The Ocean Blue, The Ocean Blue, this may be the first album that always kept popping up at this time of year. When streets are ice crystalled after fallen snow, that is the time I think of this. Really frigid winter days.

Babacar, Babacar, a little slip of this Caroline Crawley free-form before we slip into…

Shelleyan Orphan, Helleborine, a summer holler in winter, ending in crystal Shelley


The Cure, I have vague memories that I listened to The Cure in winter first, on those cold cold days just before Christmas on tapes given to me by my sister and her friend, also informed by another friend for whom The Cure was her fave. All cozy and cats and poetry and cold and blankets.

Ian McCulloch, Candleland

Der Bingle



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No Doubt: Return of Saturn

An album listen. A rough record of my thoughts while listening.

Ex-Girlfriend: Guitar strings, then a driving beat. Smart, sharp, but romantic and vulnerable. So this album begins, with its mysteries to me when I first listened to it, a decade after it had come out. But it brought me back to when it came out, when Gwen Stefani and I (of similar age) were similarly looking at our futures. She had plans, me I had never really paid much attention to nailing things downand I suppose that’s what this album and lead-off song are all about, one person with a clear wish for settling down, the other not feeling as much urgency despite wanting the same thing. Here’s the bridge, a little of the whine of Tragic Kingdom when she’d enamored me with “I’m Just a Girl” and “Spiderwebs” in the mid-90s, just five years before this leap.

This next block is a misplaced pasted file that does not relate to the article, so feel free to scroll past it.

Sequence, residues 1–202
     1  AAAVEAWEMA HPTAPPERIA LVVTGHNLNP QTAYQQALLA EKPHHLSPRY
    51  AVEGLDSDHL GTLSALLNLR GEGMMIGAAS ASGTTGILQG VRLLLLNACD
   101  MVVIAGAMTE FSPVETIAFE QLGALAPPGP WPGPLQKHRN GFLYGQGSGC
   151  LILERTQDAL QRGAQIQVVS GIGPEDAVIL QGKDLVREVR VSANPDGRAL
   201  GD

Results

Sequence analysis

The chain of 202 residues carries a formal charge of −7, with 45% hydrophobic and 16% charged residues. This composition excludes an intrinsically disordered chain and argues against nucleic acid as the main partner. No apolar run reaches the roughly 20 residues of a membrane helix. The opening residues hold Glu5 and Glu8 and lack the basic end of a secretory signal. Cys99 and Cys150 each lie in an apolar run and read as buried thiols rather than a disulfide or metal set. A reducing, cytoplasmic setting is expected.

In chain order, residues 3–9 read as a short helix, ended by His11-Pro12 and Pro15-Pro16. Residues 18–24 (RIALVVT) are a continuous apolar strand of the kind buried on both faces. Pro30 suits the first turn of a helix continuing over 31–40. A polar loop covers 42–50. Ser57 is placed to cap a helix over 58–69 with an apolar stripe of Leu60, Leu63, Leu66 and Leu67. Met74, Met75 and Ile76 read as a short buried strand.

Simple Kind of Life: Super transition to this crunchy song. This is a new No Doubt and the band is going along with her lyrics, not ska-ing it up constantly, which made Tragic Kingdom a hit or miss. Gwen at her most vulnerable and honest. Who wouldn’t want just the simple kind of life? If we’d opted for that, would we be happier now, would we have been happier then? “I’m covered in shells,” I love that cryptic image. “Oh, I always was the one with all the love, you came along, I’m hunting you down / Like a sick domestic abuser looking for a fight,” I love those lines. She understands young love in its all its aspects. I love how she adds that “oh” between lines. Gorgeous layers of sound, drum fills, her voice at its finest. It’s all really simple enough, this song, but No Doubt had and never has surpassed it. How she turns over different modulations of the refrain at the end, “A simple kind of life….”